clickhere
BREAK-IN PROCEDURES FOR REMANUFACTURED ENGINES
This engine has been rebuilt to give long, satisfactory service. Protect your investment by following these instructions before installing or starting the engine.
Dear installing Mechanic/Technician; This engine has been carefully remanufactured to precision standards, and will perform properly IF the person making the installation takes certain steps. An engine is a complex component that requires the highest degree of technical knowledge to install. It is recommended that you, the installer, have an A.S.E. certificate or the equivalent before you accept the RESPONSIBILTY of properly installing an engine.

When a properly remanufactured engine fails to give satisfactory service, it can be due to detonation, pre-ignition or “lugging”, overheating or excessively rich air-fuel ratio, under lubrication, dirt, coolant seepage, ineffective air filtering. The above-mentioned reasons for failure are the responsibility, and under the control, of the installing mechanic/technician not the engine remanufacture.

Please Note: These recommended installation procedures and instructions are a partial list intended only as a guide. If you are not qualified to undertake this installation, do not attempt it, as you may be liable for resulting engine failure.

Replacing all of the following with new or rebuilt/remanufactured units is recommended: valve lifters, oil pump, pushrods, rocker arms, spark plugs, points (if applicable), condenser, motor mounts, oil filter, air filters, water pump, thermostats, PCV valve & grommets and clean lines (Note: a plugged line or faulty valve may cause excessive oil consumption and blow by), carburetor (may be rebuilt) and make sure the EGR valve is operating to OEM specifications. Follow the manufacturer’s installation procedures making special note of proper torque values. Also, inspect the rocker cover baffle for possible restrictions.

Contamination is an engine’s worst enemy. We strongly recommend that you thoroughly clean parts that will be attached to the rebuilt/remanufactured engine. Upon initial start up the engine, the RPM must be raised between 1500-2000 RPM for 10-20 minutes for proper camshaft break-in. Do not let the engine remain idle for long periods of time. Make a test run at 30 miles per hour and accelerate at full throttle to 50 miles per hour. Repeat the acceleration cycle from 30-50 miles per hour at least 10 times. If traffic conditions will not permit this procedure, accelerate the engine rapidly several times through the intermediate gears during the check run. The object is to apply a load to the engine for short periods of time and in rapid succession soon after engine warm up. This action thrusts the piston rings against the cylinder wall with increased pressure and results in accelerated ring seating.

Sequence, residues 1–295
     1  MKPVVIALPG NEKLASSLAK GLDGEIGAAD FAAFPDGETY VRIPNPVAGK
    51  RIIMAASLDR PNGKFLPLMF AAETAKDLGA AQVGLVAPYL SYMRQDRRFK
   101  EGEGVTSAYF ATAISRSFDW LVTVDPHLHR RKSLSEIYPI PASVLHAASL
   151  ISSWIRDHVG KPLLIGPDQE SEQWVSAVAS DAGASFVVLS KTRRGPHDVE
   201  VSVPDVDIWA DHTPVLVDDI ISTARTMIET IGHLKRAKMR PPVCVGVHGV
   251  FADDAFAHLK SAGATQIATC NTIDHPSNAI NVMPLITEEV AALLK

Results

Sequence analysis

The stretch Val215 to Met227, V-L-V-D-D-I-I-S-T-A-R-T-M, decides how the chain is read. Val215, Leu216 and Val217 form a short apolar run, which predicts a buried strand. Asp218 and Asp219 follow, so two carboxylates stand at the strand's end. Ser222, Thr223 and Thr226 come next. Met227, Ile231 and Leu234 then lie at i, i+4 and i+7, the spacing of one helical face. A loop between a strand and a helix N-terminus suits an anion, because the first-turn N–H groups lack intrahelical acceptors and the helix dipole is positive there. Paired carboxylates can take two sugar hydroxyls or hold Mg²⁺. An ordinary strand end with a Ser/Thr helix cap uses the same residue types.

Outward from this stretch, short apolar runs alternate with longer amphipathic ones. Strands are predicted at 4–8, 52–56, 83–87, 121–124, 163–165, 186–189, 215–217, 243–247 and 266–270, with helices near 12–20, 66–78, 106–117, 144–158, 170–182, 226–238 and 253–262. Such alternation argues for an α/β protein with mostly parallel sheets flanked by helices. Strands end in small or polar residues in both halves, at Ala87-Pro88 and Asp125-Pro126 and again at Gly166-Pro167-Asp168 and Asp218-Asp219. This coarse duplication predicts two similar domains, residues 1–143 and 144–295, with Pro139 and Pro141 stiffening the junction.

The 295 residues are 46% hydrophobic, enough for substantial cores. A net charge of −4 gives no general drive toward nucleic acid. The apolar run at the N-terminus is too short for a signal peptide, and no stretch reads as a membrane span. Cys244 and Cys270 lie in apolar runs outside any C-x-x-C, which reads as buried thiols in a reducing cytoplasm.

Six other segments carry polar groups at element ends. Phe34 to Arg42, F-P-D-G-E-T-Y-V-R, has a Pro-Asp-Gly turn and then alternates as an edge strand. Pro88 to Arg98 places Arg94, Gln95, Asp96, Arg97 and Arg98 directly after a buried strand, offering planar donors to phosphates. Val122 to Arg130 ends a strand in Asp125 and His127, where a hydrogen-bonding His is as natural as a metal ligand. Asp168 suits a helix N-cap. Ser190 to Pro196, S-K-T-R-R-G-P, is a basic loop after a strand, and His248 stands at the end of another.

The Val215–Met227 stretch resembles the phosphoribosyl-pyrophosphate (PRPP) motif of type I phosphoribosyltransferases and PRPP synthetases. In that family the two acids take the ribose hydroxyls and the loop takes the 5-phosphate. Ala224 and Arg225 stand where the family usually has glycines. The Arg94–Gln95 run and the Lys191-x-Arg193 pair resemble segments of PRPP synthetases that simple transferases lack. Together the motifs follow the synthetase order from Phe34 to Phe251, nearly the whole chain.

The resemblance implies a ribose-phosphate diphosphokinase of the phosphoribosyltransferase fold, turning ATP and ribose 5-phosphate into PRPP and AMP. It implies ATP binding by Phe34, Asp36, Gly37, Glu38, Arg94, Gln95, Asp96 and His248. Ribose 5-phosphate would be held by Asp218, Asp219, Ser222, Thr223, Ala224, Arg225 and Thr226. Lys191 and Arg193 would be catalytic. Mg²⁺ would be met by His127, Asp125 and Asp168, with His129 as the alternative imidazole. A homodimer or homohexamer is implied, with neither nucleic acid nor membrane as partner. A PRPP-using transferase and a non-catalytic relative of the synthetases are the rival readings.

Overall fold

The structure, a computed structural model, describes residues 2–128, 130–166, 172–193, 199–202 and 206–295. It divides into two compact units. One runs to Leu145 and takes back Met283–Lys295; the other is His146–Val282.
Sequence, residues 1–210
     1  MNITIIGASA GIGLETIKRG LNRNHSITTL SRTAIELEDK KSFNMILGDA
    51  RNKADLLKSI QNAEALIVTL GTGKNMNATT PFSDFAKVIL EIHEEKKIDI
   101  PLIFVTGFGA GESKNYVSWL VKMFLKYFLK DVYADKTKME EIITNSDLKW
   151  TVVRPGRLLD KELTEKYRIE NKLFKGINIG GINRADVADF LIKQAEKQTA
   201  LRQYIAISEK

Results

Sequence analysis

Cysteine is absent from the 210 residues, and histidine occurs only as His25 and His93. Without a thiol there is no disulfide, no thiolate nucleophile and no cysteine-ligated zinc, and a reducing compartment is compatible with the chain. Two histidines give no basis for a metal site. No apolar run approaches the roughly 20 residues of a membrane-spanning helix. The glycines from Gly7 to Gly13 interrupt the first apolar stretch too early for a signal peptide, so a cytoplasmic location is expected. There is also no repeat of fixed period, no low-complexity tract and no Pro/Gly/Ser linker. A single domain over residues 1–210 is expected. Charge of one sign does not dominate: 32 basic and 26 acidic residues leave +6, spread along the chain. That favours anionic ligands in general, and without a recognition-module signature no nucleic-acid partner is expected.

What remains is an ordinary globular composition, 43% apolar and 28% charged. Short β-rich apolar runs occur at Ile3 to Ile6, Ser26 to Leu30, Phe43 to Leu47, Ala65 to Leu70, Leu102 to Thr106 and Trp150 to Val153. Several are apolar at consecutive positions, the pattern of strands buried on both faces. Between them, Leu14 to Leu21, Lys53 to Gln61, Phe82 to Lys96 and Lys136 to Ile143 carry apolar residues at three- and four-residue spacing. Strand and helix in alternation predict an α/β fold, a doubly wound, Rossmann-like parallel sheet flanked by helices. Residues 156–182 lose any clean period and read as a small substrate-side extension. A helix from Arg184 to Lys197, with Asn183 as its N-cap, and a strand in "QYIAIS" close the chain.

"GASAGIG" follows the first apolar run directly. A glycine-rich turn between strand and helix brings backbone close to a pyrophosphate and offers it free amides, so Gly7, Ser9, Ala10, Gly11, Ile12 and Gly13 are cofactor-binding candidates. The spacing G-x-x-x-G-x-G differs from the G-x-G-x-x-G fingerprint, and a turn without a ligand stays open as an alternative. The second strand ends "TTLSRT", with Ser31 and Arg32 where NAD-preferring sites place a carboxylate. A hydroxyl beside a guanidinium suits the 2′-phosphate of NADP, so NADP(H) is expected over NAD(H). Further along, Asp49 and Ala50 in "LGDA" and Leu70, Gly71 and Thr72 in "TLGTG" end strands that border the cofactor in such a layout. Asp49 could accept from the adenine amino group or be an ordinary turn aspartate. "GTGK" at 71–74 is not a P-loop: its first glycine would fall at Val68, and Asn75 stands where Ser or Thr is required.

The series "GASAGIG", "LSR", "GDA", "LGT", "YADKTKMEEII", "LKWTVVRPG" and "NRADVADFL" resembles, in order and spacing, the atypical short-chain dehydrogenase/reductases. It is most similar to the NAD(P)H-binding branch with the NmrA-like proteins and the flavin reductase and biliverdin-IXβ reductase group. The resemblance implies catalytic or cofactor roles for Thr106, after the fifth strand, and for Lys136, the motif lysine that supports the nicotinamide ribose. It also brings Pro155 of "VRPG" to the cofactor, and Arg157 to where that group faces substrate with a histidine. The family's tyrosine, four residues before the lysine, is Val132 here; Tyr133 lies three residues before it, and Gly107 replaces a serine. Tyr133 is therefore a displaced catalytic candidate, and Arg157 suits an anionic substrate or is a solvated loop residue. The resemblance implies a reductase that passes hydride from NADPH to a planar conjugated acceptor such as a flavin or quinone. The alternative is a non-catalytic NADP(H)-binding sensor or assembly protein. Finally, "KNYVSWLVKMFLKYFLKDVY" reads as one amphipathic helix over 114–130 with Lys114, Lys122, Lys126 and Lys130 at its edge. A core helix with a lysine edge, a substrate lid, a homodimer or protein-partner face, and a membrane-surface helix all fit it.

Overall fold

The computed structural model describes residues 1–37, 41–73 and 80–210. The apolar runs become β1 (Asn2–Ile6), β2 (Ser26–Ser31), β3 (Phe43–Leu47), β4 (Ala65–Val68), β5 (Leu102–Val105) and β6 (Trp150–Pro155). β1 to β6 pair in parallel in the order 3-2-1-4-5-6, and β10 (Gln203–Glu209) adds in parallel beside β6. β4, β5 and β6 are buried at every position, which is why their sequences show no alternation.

Passenger Car and Light Truck

Drive vehicle normally but avoid sustained high speed during the first 100 miles. **First oil and filter change should be completed after 500 miles of driving and before 1000 miles has been reached. **

SUGGESTED PRECAUTIONS FOR REMANUFACRTURED ENGINES

You the customer and we the remanufactures have a mutual interest in this engine. We both want it to perform properly and give long, satisfactory service. This engine has been carefully remanufactured to precision standards, and will perform if the mechanic making the installation takes certain steps. Following is a list of causes for a remanufactured engine to fail early in service, and suggested procedures to prevent failure. When a properly remanufactured engine fails to give satisfactory service, it is usually due to: burnt pistons, damaged cylinder heads caused by detonation, pre-ignition or “lugging.” Piston scuffing or seizing is usually caused by overheating or excess fuel, bearing and crankshaft wear caused by under-lubrication, dirt or coolant seepage, excessive piston and cylinder wear caused by dirt, ineffective air filtering, excessively rich or lean air-fuel ratio.